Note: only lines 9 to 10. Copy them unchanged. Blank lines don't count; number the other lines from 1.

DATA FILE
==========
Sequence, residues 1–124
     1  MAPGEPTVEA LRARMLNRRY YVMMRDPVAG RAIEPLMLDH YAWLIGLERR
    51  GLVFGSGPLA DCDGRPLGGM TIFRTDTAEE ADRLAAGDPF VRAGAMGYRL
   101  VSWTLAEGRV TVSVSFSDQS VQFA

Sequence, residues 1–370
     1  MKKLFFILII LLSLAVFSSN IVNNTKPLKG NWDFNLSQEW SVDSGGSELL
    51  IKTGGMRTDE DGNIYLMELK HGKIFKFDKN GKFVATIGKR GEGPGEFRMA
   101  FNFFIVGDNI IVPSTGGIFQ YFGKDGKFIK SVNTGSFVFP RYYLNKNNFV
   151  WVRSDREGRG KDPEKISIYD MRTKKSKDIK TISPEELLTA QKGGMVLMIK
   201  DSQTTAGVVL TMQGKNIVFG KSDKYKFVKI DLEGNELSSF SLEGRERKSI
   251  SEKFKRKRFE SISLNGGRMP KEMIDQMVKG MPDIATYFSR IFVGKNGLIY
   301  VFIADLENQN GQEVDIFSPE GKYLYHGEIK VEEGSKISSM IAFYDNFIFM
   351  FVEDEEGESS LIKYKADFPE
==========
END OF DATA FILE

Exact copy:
   151  WVRSDREGRG KDPEKISIYD MRTKKSKDIK TISPEELLTA QKGGMVLMIK
   201  DSQTTAGVVL TMQGKNIVFG KSDKYKFVKI DLEGNELSSF SLEGRERKSI